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  1. Proton Has Enabled 7000 Windows Games to Run on Linux We are reaching another milestone with ProtonDB: we are very close to 7000 Windows games confirmed to be working out of the box with Proton on Linux. The charts says it all: Proton has been receiving many updates in the past few months as well, with the introduction of the Soldier Linux runtime container and Proton Experimental on top of the regular Proton releases. We are still getting about 100 new titles working flawlessly (according to user reports) on a monthly basis, which is a very healthy and steady growth. Another point is the percentage of Windows games working out of the box in Proton over time. The number has been close to 50% since for a long time and seems to be fairly stable. In other words, for every Windows game out there, there’s a coin flip chance that it will work just as well on Linux. That’s pretty good, while there are still some recurring known issues in the other half of games coming out, typically: Movie files within games not playing as expected Multiplayer not working because of EAC or other anti-cheat technology Certain types of DRM that prevent games from even launching Performance issues DX12 support in certain titles (although this is getting better as VKD3D improves continuously) Additionally, less than 20% of newly released games are rated as “borked”, which is not running at all. It does not look like the number of Platinum ratings on a month-by-month basis is evolving much, which means there’s still some large opportunities to tackle in terms of compatibility. And we know that the folks at Codeweavers (working on WINE/Proton) and other contributors are hard at work to bridge the gap day after day. Note that when a game does not run well with vanilla Proton, there’s always a non-negligible chance that Proton GE may fare better at running it. In reality, there’s probably much more than 7000 games that work out of the box on Steam with Proton, because the dataset is limited to user reports. Yet, it is great to observe that there are so many contributors who try many new games every single month: it gives us a great insight at how diverse the community is, and how fast Proton is progressing, even if it’s just a sample of the reality. On this topic, please keep in mind we are tracking on a monthly basis what games get the most positive reports from ProtonDB: here’s a video we released for January 2021: Stay tuned on Boiling Steam for more reports, more stats and more progress updates in the coming months. Source: Proton Has Enabled 7000 Windows Games to Run on Linux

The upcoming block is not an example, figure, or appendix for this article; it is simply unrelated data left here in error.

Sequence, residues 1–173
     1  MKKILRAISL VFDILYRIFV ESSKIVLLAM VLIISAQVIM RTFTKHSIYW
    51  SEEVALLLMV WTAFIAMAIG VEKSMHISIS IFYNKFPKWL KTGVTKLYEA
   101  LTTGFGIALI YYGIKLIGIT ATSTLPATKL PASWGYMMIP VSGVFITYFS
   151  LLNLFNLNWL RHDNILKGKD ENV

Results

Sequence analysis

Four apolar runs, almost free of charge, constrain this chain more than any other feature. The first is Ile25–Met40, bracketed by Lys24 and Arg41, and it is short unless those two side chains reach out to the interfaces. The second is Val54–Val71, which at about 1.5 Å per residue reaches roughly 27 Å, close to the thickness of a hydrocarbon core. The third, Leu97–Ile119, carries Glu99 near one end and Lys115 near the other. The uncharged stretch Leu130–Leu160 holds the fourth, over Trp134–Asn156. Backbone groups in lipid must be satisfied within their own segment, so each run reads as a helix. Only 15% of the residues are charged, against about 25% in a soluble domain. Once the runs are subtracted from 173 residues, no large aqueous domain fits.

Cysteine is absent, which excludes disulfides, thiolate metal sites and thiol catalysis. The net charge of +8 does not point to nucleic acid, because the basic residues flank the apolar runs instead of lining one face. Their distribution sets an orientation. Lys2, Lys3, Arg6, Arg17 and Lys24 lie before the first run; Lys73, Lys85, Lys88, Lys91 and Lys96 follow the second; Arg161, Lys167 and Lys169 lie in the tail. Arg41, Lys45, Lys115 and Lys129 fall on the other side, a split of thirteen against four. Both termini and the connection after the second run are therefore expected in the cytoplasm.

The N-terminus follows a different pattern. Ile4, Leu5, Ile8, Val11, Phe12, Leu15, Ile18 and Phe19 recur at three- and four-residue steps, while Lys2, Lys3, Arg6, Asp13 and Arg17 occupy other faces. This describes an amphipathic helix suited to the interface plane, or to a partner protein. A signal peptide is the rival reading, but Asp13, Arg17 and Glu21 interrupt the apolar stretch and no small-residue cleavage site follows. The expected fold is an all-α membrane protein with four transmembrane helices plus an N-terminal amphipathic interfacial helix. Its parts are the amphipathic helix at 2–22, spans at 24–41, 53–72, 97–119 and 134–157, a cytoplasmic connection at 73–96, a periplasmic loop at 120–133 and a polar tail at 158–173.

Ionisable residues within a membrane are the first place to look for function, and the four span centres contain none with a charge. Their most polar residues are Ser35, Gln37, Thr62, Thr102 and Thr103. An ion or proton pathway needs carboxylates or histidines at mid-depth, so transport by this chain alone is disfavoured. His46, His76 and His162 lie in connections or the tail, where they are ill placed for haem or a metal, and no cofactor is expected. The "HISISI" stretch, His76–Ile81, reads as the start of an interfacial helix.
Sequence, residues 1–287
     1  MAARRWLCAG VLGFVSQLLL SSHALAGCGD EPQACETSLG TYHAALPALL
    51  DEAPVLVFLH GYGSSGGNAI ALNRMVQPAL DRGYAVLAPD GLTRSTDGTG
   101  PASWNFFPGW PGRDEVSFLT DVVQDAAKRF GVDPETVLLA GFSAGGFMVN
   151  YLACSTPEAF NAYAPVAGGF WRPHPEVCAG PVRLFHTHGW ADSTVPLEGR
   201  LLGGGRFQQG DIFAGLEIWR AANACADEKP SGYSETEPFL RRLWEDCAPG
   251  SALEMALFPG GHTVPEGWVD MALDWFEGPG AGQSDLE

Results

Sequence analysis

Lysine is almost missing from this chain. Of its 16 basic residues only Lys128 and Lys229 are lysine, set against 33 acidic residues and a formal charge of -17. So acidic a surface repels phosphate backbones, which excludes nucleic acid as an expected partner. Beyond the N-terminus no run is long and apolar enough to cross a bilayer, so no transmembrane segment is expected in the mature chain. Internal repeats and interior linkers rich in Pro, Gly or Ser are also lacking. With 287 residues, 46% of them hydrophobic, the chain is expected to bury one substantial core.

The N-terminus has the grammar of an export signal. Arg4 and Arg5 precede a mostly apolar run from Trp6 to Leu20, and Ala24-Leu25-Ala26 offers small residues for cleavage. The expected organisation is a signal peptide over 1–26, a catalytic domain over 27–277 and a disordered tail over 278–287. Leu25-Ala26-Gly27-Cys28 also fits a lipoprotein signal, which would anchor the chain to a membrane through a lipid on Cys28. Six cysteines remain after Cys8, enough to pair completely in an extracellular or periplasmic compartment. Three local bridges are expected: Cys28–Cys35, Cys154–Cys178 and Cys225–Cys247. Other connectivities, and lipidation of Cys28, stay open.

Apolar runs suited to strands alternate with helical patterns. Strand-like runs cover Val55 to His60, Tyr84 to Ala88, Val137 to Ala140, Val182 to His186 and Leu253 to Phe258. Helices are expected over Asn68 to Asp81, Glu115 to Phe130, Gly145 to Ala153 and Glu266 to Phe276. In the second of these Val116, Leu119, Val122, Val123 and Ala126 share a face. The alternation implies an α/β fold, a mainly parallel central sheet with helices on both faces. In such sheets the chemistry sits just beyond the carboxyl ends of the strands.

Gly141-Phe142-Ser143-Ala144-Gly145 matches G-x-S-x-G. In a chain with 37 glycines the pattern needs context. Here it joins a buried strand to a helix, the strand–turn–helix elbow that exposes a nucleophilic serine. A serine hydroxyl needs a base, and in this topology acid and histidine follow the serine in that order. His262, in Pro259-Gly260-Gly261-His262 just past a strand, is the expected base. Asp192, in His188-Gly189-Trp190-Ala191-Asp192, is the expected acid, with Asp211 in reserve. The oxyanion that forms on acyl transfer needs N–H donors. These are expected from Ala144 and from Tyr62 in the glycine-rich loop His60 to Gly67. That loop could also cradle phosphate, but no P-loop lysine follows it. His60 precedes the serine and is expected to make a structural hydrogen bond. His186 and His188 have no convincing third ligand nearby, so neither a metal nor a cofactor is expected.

2. Recently I was tasked with making some videos of running CrossOver on the new Apple M1 (Apple Silicon) MacBook. What is new and fascinating about this new toy is that it is the 3rd time Apple has switched to a new CPU architecture. A little history lesson for you. Originally back in the 80's the Macintosh used a Motorola 68000 chip. They chugged happily along on these until 1994 when Apple wanted to make the jump to the IBM PowerPC chip. This chip was interesting because it was the first mainstream RISC based CPU. It was also during this timeframe that the largest macOS release X came out. macOS X was largely based on the NeXT core that Steve Jobs and Co. invented while he was away from Apple doing his own thing. Then in 2006 Apple did the what many thought impossible and switched again to the Intel X86 chip. At this time CrossOver was also first released for the Mac. Each time Apple made a switch, they also included an emulation layer so old software would still work. Then during the Intel switch, it was named Rosetta. Now here we are in 2020 and Apple is at it again. This time for the first time, they are making their own chips. Granted, they are based on the established Arm core. Apple has put plenty of their own special sauce into the mixture. Once again, we have an emulation layer included: Rosetta 2. This is how CrossOver is still able to work. Since Wine requires X86 instructions to be able to translate the Windows software over. Now we come to my videos. In Jeremy White's blog post, I ran Team Fortress 2. This was not the best choice as it even on native Mac and Linux it does not run very well. There are legacy Wine bugs that prevent it from reaching the frame rate you would get on Windows. However, it at least ran and did show that CrossOver was able to work on the new M1. My new video, which you can watch right here: In this video I ran 3 different Windows games. Rocket League, Dead Cells, and Untitled Goose Game. The first thing I noticed is that since these 3 games work best with a controller, in Rosetta 2 controllers do not work. This seems to be a bug in Rosetta 2 itself, since I was able to verify that by installing RetroArch and trying to get controllers to work, no joy there I'm afraid. I posted these to my own LaXDragon channel. Free free to like and subscribe to it. I'll be posting more videos in the near future as long as they don't interfere with my other duties too much. 😎 About Jeremy Newman Newman has been the Systems Administrator and Webmaster for CodeWeavers since 2000. He is a Swiss Army Knife of I.T and keeps the hamsters running in all of our Servers. Source